About 120 citizens turned out Monday evening to learn how they could help investors and the Quay County Gaming Authority make their case before the state’s Racing Commission.
Coronado Partners is the ownership team that wants to develop Coronado Race Track and Casino in Tucumcari.
Attendees signed up for banners to display on their businesses and posters to put in their storefronts.
Local veterinarian J.P. Corey, who had a rolled up poster in her arms, said she favored the proposal and the group’s efforts to let the Racing Commission know Tucumcari wanted the track and casino on Interstate 40.
“I’m 100 percent for it,” said Larry Young of Young Farms who raises race horses east of Tucumcari.
Young said he races his horses at all the other tracks in New Mexico and would like the opportunity to do so close to home, in Tucumcari.
“It’ll be a big boost for the city. I think it’s a good deal,” Young said.
The posters and banners are all part of letting the Racing Commission know that Tucumcari wants and needs the track and casino, said Warren Frost, executive director of the local gaming authority.
Vying for the only remaining license are Tucumcari, Raton and the Pojoaque Pueblo in Santa Fe.
Last week Frost attended Raton’s public hearing where about 400 people crowded into the Shuler Theater, and another 100 were outside listening to the proceedings via a speaker system.
“We can do as well or better (than Raton),” Frost said. “We will have 800 chairs set up and ready. We want to have 1,000 people. This is a big deal for Quay County and we want to have as many people as we can.”
Frost and supporters say Tucumcari’s proposed track and casino will draw its clientele from West Texas, especially Amarillo. It will also bring in out-of-state income and increase gross receipts tax throughout the county, supporters say.
Since most of Tucumcari’s audience will come from Texas, it will not affect any tribal gaming operations or proposed tracks further west on I-40, investors said in a press release.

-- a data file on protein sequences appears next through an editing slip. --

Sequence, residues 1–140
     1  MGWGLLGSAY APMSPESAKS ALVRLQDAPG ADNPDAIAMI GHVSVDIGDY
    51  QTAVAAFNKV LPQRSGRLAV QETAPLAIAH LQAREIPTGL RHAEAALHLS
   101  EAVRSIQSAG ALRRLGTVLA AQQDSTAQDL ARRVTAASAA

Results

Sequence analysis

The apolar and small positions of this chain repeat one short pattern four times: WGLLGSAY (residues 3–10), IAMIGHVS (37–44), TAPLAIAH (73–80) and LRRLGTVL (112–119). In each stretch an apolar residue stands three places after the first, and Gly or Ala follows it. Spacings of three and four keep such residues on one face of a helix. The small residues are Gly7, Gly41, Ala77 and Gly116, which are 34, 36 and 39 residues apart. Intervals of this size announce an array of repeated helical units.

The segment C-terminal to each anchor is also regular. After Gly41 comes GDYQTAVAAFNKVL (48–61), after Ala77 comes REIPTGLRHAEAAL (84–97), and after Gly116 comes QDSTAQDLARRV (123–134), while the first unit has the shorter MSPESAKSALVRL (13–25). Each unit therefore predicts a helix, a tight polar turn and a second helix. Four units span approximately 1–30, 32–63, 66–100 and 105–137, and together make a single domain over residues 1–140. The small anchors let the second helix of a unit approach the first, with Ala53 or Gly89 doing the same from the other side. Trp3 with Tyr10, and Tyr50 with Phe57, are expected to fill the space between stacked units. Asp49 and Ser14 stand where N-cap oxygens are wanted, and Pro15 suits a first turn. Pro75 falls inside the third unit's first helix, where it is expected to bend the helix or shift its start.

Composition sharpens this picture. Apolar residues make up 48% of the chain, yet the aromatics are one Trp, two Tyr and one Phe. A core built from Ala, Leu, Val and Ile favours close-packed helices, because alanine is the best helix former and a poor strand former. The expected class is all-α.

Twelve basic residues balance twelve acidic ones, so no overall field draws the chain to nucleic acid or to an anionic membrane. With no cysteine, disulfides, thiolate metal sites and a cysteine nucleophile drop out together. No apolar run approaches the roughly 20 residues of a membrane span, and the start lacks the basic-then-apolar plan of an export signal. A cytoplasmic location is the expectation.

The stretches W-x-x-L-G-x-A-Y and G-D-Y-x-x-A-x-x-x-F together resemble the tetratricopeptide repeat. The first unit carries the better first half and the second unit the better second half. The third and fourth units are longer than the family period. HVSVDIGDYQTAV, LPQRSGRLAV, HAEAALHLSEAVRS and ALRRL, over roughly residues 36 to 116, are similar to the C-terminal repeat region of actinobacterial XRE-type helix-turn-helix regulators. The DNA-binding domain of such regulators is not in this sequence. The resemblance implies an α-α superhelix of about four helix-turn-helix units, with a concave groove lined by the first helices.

Compared to Raton, Interstate 25 has only about a third of the travelers who traverse the state on Interstate 40, Frost said.
“Tucumcari is a fantastic New Mexico community, but it has faced some major economic challenges for decades,” said Pat Vanderpool, executive director of the Greater Tucumcari Economic Development Corp., in a press release.
“Coronado Park will bring much needed economic stimulus to the county and the state by bringing in revenue from outside New Mexico,” said Vanderpool in the release.
Coronado Partners has acquired options on 245 acres to build the one-mile race track and 600-slot casino within Tucumcari city limits on Route 66 between Kmart and the Quality Inn. The partnership also has negotiated development agreements with the City of Tucumcari and Quay County. And the city, Quay County and the villages of Logan and San Jon would have very small ownership in the project.
A 2007 study by the University of New Mexico Bureau of Business and Economic Research indicates that Tucumcari and Quay County are in dire need of an economic driver for the region, according to the investment group’ release.
Tucumcari has experienced a decline in high-paying, economic base jobs recently, and average incomes in Tucumcari are about 15 percent below the state average, the release said.
In addition one in four people in Tucumcari live below the poverty line, well above the state rate of 18.4 percent, the release stated.
According to the 2000 Census, Tucumcari's median family income was $22,560, considerably lower than in Santa Fe and Raton which are also vying for race tracks and casinos, where median family income in 1999 was $49,705 and $31,957, the release said.
The lead investor in Coronado Partners is Ford auto dealer Don Chalmers of Rio Rancho, who has said Coronado Park will provide 300 new jobs, increased gross receipts tax which will help pay for utility and public safety services, as well as higher property tax revenues and increased recreational opportunities for residents.
Among the jobs to be offered by Coronado Park are positions in management and administration, operations, security and surveillance, and food and beverage.
Coronado Partners also expects to team up with Mesalands Community College to develop workforce training and internships in racing and gaming, and to build on the college’s farrier science program.
The commission has the authority to grant Tucumcari the state’s only remaining racing license. That license became available when Gov. Bill Richardson negotiated a new gaming compact with the pueblos.
The Racing Commission will hold a public hearing at 5:30 p.m. July 24 at the Tucumcari Convention Center to hear investors plans for the proposed Coronado Race Track and Casino.